Republicans and Democrats cannot stop the overspending. And we need to let our Members of Congress know that we are watching and will hold them accountable.

Recently, an opportunity to cut spending presented itself, but the House voted down the opportunity. There were eight opportunities in all, each one a proposed amendment to the Energy and Water Appropriations, which currently contains more spending than last year’s bill. Here is a list of the 8 amendments to cut spending, and some information, regarding those amendments:

  1. Rep. McClintock (R-CA) proposed an amendment that cut the Energy Efficiency and Renewable Energy program by $1.45 billion. The amendment would essentially eliminate the Office of Fossil Energy (OFE) and save taxpayers roughly $428 million in fiscal year 2013. President Obama’s budget proposal cut funding for OFE to spend money on more “green” energy ventures. Rep. McClintock’s amendment, however, would use those savings to reduce the deficit. It was rejected 113-275.
  2. Rep. Chaffetz’s (R-UT) amendment reduced spending back to FY 2011 levels and cut the Advanced Manufacturing Program. This move would have saved $74 million. It was also rejected 140-245.
  3. Another amendment proposed by Rep. McClintock (R-CA) eliminated nuclear energy research subsidies. It saved $514 million, but was rejected 106-281.
  4. Rep. Chabot (R-OH) proposed an amendment eliminating funding for the regional commissions, specifically for the Appalachian Regional Commission, the Delta Regional Authority, the Denali Commission, the Northern Border Regional Commission, and the South East Crescent Regional Commission. Cutting these programs would save $99.3 million, but the amendment was rejected 141-276.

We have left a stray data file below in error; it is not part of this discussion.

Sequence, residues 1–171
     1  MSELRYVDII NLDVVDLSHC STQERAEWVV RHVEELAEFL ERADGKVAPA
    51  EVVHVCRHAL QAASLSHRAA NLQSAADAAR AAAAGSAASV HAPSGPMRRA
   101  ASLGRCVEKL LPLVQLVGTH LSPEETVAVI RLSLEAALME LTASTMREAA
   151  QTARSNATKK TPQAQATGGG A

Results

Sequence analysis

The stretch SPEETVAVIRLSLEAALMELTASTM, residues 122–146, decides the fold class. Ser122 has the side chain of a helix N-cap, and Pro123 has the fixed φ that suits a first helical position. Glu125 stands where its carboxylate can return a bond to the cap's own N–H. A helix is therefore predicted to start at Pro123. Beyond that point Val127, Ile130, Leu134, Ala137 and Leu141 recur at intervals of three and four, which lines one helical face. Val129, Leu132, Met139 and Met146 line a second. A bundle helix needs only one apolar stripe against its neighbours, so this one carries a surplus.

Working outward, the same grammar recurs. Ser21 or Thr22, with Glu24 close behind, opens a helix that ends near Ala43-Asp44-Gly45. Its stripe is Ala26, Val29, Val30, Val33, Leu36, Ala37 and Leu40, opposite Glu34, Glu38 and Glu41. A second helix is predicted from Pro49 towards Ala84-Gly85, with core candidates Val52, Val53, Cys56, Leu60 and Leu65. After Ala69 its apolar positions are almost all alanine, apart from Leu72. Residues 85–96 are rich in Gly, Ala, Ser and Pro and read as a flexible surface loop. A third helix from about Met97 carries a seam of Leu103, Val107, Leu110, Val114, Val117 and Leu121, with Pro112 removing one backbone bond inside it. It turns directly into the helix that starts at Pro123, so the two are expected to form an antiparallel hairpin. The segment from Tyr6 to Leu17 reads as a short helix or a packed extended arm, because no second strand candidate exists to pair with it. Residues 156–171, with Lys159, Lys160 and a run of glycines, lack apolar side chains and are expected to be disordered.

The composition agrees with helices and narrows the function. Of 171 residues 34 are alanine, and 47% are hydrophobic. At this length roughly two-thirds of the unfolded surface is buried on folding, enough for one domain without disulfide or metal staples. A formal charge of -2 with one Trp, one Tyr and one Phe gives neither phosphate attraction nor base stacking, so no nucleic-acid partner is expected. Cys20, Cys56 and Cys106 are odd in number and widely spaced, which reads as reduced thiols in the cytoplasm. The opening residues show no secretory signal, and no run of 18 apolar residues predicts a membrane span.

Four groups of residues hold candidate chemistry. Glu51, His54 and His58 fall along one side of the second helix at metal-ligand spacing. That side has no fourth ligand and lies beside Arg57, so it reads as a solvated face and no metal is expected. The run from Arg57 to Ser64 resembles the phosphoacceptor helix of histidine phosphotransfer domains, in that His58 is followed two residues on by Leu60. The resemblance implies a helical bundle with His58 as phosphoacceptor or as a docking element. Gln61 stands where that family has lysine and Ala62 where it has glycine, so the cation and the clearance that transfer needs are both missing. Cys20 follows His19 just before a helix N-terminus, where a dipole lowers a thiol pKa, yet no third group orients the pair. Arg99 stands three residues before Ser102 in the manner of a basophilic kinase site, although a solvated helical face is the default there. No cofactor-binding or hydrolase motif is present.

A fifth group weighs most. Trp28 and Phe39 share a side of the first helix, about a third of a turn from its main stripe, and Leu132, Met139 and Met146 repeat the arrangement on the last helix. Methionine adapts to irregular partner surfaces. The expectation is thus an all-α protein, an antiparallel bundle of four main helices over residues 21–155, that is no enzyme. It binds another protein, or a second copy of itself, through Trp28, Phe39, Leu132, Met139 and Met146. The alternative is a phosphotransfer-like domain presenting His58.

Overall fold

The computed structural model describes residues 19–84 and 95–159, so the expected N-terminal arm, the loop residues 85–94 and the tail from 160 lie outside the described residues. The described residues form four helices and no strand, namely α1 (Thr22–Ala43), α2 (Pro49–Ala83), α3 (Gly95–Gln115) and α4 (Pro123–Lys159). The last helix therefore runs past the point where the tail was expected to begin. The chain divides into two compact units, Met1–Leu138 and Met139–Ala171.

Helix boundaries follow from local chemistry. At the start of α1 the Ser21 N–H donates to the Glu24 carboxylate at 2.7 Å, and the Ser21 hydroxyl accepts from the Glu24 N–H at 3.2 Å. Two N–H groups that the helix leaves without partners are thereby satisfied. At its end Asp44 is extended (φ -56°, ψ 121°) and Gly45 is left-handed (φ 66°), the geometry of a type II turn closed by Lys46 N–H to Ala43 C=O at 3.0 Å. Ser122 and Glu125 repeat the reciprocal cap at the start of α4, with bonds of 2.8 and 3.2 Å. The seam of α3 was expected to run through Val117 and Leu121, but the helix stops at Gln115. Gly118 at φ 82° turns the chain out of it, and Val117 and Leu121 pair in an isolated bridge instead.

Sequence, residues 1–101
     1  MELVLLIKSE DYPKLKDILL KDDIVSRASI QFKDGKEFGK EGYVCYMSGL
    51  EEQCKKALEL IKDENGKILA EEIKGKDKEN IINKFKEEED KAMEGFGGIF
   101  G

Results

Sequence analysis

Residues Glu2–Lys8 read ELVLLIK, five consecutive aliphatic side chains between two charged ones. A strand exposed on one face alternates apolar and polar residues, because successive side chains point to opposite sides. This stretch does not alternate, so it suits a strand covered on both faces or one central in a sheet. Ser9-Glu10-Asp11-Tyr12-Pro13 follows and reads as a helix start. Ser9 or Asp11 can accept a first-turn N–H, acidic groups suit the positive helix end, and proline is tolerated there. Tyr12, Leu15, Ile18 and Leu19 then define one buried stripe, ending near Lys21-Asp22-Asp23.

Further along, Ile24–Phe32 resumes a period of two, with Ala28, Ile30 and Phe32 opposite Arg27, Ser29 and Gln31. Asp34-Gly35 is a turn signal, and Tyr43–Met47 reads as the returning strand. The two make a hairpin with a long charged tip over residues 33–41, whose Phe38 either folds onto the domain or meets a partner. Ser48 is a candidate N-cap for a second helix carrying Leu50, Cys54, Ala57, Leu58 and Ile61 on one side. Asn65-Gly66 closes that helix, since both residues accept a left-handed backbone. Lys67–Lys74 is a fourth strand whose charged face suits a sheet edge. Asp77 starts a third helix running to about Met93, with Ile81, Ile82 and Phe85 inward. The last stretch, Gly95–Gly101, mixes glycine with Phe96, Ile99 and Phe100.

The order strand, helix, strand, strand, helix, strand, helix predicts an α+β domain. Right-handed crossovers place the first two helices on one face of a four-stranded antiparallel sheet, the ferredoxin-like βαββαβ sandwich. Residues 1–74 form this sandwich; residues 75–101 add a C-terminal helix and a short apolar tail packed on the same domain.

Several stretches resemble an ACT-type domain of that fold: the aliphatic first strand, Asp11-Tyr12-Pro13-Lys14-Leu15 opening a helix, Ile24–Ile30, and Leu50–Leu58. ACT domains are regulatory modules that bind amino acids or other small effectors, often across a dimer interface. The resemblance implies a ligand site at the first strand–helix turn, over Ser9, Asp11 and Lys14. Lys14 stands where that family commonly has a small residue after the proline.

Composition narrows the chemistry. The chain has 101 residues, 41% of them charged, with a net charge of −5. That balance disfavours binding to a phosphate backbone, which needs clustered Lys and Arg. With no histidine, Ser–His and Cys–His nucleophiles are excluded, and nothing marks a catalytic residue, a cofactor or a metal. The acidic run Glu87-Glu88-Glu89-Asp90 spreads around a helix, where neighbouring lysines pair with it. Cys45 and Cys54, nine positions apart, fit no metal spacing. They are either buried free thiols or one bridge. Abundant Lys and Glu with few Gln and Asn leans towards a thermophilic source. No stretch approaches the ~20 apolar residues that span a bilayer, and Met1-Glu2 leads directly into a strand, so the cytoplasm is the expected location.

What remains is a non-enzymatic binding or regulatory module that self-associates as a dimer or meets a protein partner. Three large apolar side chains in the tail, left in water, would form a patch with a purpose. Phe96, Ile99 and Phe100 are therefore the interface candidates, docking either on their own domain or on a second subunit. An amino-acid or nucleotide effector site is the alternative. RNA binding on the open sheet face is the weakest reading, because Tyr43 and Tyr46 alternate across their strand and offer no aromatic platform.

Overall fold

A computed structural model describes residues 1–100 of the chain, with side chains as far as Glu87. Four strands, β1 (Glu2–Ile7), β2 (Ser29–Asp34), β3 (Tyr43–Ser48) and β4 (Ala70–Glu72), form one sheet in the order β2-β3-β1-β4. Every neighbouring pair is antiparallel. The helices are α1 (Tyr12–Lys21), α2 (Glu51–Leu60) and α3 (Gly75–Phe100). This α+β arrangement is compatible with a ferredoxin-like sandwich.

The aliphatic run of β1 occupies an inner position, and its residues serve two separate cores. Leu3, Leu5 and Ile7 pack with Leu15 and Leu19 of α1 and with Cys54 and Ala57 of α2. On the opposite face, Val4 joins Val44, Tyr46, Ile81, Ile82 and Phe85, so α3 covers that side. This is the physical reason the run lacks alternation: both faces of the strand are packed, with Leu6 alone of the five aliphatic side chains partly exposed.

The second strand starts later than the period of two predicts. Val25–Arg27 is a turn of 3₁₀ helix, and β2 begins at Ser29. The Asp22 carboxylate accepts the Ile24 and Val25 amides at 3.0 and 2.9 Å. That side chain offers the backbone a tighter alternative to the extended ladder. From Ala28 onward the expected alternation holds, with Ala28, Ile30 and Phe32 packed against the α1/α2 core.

5. Rep. Blackburn’s (R-TN) amendment was rejected 157-261. The current FY 2013 Energy and Water Development Appropriations Bill includes $32.1 in funding. The amendment, designed to curtail escalating spending, imposed a 1% cut to every line item and would have saved $321 million. The goal was to have departments operate more efficiently on the taxpayer’s dime.
  6. Rep. Mulvaney’s (R-SC) amendment cut all renewable energy-related innovation programs by 24%. The amendment did, however, exempt reductions to the Army Corps Engineers, the Non-Defense Environmental Clean-Up, the Nuclear Waste Disposal, and a few other key accounts. The amendment essentially brings the bill toward Republican Study Committee budget levels by cutting $3.1 billion across almost all accounts. It was rejected 125-293.
  7. Rep. King’s (R-IA) proposed an amendment prohibiting funding for the use of implementing, administering, or enforcing the prevailing wage requirements under the Davis-Bacon Act. It could have saved a considerable amount, but this was rejected 184-235.
  8. Rep. Flake (R-AZ) offered an amendment that would have resulted in savings of $87.5 million. It cut spending across the board by 2.7%, which was chosen to bring spending back to the previous fiscal year. It was rejected 144-274.

Let’s Contact Members of Congress today and tell them they need to stop the overspending.  Tell them we are watching and they need to act now.  Click here to contact your Member of Congress today.